laundering the laundry room -
this is where i keep not only my laundry detergent, but also my cleaning supplies. so i'm going to operate on the assumption that you do the same thing - let's talk about those products.
once again, what we use to clean our houses with is important - if there is gluten in these products, you're essentially spreading gluten around your house as you clean. the easiest solution for this problem is to just replace the gluten containing products or tools with safe products, and in the era of being green, being sustainable, being thrifty, and pinterest... we have so many options!!
- laundry soap - i choose to use a smart klean laundry ball, which i've really enjoyed. i like the overall health benefits of this product, as well as only having to buy it once a year. super economical, and i don't even have to think about the big g. that being said, there are also some great products out there that are gluten free so as long as you're doing your homework and being mindful, power to ya. i very much enjoy this article on laundry soap, but keep in mind that it is from 2010 so once you find your favorite laundry soap on the list, give the company a call and make sure that it is still gluten free. when all else fails, seventh generation is a safe bet.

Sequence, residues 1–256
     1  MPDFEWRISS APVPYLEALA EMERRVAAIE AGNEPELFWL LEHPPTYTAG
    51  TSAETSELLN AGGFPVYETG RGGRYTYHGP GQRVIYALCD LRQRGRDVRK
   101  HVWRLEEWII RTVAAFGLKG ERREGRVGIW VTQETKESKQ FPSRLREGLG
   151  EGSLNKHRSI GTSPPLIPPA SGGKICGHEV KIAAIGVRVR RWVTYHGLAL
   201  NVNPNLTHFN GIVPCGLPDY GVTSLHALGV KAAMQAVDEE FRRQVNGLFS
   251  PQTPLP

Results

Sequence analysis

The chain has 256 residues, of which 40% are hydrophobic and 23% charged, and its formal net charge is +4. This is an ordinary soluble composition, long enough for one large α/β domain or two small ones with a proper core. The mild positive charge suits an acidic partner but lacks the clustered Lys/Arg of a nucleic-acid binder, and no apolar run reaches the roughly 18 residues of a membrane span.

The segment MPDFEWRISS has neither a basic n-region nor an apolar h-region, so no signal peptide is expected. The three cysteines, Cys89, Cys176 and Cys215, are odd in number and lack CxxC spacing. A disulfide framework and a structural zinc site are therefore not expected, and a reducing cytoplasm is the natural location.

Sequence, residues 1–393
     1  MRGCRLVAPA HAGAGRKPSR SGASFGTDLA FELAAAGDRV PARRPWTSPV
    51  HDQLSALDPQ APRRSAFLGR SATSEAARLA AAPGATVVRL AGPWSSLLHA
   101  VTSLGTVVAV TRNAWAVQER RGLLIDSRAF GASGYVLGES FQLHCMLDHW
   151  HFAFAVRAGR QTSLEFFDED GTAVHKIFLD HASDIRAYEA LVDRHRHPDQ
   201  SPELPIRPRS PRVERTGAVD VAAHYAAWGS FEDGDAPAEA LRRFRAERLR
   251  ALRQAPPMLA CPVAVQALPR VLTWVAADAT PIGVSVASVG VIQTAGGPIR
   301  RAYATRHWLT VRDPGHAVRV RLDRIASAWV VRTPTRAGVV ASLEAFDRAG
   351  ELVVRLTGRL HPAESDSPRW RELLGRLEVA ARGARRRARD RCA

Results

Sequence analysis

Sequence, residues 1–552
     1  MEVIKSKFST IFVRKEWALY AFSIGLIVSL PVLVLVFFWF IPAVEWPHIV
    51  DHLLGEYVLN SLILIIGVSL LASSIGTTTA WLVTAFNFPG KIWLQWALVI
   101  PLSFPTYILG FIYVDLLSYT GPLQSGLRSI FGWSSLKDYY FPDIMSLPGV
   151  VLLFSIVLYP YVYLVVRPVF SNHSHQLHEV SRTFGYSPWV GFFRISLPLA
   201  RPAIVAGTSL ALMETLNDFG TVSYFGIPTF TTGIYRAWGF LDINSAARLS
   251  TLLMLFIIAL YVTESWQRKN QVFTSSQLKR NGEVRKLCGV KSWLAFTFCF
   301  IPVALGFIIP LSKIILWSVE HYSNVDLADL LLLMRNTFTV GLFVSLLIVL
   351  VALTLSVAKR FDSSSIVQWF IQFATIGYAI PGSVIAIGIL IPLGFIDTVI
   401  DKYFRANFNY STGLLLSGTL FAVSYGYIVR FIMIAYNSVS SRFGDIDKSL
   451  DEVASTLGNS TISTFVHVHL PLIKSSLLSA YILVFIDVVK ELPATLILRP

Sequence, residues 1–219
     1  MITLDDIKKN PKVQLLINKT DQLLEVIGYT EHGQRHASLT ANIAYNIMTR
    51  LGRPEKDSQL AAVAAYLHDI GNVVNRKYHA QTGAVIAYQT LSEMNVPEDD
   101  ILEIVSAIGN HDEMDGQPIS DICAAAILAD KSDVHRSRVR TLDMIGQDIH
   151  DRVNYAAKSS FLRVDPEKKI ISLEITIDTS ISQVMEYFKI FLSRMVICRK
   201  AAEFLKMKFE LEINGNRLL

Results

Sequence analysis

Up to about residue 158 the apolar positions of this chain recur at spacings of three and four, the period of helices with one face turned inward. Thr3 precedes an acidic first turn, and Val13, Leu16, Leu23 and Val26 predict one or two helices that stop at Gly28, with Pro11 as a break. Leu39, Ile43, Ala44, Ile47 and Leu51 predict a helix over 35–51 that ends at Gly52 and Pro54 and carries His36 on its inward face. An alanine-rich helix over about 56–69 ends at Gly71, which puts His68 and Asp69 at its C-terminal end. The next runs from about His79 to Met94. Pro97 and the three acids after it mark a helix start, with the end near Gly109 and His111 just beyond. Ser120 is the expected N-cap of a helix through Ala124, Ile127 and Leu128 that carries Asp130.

- dryer sheets - i use nellie's dryer balls, and i keep it pretty basic. that being said, it is possible to find gf dryer sheets. for example: this company will stand behind theirs as being gf.
- bathroom, all purpose, and disinfectant cleaners - a very simple solution is this: vinegar and water, or peroxide and water, add in essential oils for fragrance.... economical, healthy, and gluten free. bingo. but sometimes you just want to go out and buy a product that you can come home and use, something mainstream. here is a fantastic article on gluten free household cleaners.
- cleaning your floors - ingredients are important, of course, as is what you use to do the cleaning. if you have an old mop that you've used different cleaners with, i recommend either cleaning it thoroughly, if possible, or replacing it. if the piece that comes in contact with the cleaner is able to go through the wash or the dishwasher, and you can give it a serious clean, go for it. if not, it's probably time for a new mop. this was not a priority for me, so i went oldschool for 3 years and used a rag and some elbow grease to clean my floors. 3500 square feet later, i just bought myself a new mop - at wal-mart for $18. the reason i think it's so so great is because it comes with an empty bottle, as opposed to a bottle of cleaner that i'll have to try to clean out and de-glutenize. i just use dish soap and water, or vinegar and water and essential oils.